Hemodialysis Study (HEMO)
Number of Subjects in Study Archive: 2677
Study Design: Clinical Trial
Conditions: Kidney Diseases, Renal Insufficiency, Chronic
Duration: 1993 - 1994 for pilot, 03/1995 - 12/2001 for trial
# Recruitment Centers: 15
Available Genotype Data: No
Image Summary: No
Transplant Type: None
Does it have dialysis patients: No
The Hemodialysis (HEMO) Study was a multi-center, randomized clinical trial designed to test whether the mortality and morbidity of hemodialysis (HD) patients can be reduced by modifying the dialysis procedure for the removal of toxins from the blood. The study examined two factors, the dose of dialysis delivered and the size of the molecules removed, to determine the effect on the survival or morbidity among hemodialysis patients. A two-by-two factorial design was used to assign 1846 patients randomly to either a standard or high dose of dialysis and to either a dialyzer with a low-flux or high-flux membrane for dialysis three times a week. The primary outcome, death from any cause, was not significantly influenced by the dose or flux assignment. The relative risk of death was not significantly different in the high-dose group compared to the standard-dose group, or the high-flux group as compared with the low-flux group. The main secondary outcomes, including first hospitalization, did not differ significantly for either the dose groups or the flux groups. Patients undergoing hemodialysis three times a week appear to have no major benefit from either a higher dialysis dose than that recommended by current U.S. guidelines or from the use of a high-flux membrane.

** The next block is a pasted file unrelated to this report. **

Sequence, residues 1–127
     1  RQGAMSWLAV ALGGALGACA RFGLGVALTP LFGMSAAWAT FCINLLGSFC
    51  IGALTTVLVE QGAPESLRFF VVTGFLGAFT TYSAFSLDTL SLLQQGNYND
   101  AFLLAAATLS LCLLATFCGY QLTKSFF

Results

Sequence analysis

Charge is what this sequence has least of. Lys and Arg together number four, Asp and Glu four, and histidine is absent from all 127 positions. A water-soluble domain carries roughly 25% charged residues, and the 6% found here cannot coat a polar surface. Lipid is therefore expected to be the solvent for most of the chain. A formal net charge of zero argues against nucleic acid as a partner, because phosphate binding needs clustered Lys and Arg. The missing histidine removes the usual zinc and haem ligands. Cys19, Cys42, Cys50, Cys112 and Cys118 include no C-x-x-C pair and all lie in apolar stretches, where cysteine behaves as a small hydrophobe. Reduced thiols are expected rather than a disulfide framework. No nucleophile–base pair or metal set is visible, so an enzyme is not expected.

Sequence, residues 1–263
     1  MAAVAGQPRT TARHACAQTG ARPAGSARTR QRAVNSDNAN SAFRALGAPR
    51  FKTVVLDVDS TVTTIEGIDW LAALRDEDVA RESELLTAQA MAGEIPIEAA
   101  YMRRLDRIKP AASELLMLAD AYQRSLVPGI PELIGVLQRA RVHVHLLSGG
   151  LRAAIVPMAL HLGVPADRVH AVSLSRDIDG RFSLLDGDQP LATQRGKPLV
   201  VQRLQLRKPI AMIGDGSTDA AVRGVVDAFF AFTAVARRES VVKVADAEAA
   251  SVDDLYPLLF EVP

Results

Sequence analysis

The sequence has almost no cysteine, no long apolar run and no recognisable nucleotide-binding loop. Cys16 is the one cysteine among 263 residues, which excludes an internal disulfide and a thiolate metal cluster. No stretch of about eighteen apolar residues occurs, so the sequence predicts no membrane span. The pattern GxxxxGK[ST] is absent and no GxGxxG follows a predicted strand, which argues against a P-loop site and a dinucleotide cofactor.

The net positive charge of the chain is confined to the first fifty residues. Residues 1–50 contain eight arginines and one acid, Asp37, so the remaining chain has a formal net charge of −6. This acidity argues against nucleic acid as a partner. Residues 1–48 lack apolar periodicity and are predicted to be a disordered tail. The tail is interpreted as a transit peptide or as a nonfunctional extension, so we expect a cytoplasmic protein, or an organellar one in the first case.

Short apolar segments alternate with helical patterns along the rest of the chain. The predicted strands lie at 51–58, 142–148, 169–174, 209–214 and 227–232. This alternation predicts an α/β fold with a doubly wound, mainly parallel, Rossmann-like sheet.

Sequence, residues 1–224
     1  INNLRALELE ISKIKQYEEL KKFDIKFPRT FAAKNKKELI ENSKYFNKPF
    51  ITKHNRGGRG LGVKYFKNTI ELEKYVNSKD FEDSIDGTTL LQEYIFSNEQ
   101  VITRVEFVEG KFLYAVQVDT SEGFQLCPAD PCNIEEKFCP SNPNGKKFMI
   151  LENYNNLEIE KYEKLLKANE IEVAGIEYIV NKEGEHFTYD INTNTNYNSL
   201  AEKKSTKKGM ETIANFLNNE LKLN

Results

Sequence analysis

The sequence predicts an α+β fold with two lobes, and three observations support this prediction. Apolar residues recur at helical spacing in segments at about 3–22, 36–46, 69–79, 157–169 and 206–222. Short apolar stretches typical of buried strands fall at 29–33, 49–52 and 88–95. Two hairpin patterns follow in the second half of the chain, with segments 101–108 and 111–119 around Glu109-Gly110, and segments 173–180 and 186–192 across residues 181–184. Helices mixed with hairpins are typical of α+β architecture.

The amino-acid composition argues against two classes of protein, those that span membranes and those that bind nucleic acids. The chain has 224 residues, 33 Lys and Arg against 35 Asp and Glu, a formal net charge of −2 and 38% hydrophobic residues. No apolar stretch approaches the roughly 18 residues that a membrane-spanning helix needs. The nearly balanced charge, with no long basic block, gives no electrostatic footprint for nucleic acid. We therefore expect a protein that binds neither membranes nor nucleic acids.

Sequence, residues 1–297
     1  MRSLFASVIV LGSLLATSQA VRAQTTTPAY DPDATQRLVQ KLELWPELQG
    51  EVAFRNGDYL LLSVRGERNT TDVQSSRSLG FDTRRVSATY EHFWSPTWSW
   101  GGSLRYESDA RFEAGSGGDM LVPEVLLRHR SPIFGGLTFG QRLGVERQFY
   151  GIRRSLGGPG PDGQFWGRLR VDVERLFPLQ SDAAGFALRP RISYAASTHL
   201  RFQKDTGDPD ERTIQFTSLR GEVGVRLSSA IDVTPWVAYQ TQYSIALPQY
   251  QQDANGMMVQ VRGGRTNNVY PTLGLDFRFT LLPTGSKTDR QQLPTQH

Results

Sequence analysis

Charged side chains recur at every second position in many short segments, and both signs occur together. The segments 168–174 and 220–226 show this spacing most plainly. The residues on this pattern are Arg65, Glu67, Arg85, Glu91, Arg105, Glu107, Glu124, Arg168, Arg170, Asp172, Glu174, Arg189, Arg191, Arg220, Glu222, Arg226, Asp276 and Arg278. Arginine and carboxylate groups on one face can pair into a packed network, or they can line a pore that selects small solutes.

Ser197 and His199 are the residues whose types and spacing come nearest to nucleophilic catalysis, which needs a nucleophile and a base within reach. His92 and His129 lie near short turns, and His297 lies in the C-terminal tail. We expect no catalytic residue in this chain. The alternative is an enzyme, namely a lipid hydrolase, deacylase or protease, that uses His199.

The HEMO study investigated whether modifying the dose of dialysis delivered and the level of flux of the dialyzer membrane altered the mortality and morbidity of maintenance hemodialysis patients.
The primary outcome measure was death from any cause. The main secondary outcome measures were the rate of all hospitalizations not related to vascular access and three composite end points: the first hospitalization for cardiac causes or death from any cause, the first hospitalization for infection or death from any cause, and the first decline of more than 15 percent from base line in the serum albumin level or death from any cause.
The study enrolled patients 18 to 80 years of age who were undergoing in-center hemodialysis thrice weekly and had been undergoing hemodialysis for three or more months. Patients were excluded from randomization if their residual urea clearance exceeded 1.5 ml per minute per 35 liters of urea, if their serum albumin level was less than 2.6 g per deciliter, or if an equilibrated Kt/V of more than 1.30 was not achieved within 4.5 hours during two of three consecutive monitored dialysis sessions in which the high-dose goal was targeted. On the basis of the last criterion, very heavy patients were excluded.
For patients undergoing hemodialysis thrice weekly, a higher dialysis dose than that recommended by current U.S. guidelines or use of a high-flux membrane did not show a beneficial effect on survival or morbidity. The effect of dose or level of membrane flux varied among selected subgroups of patients.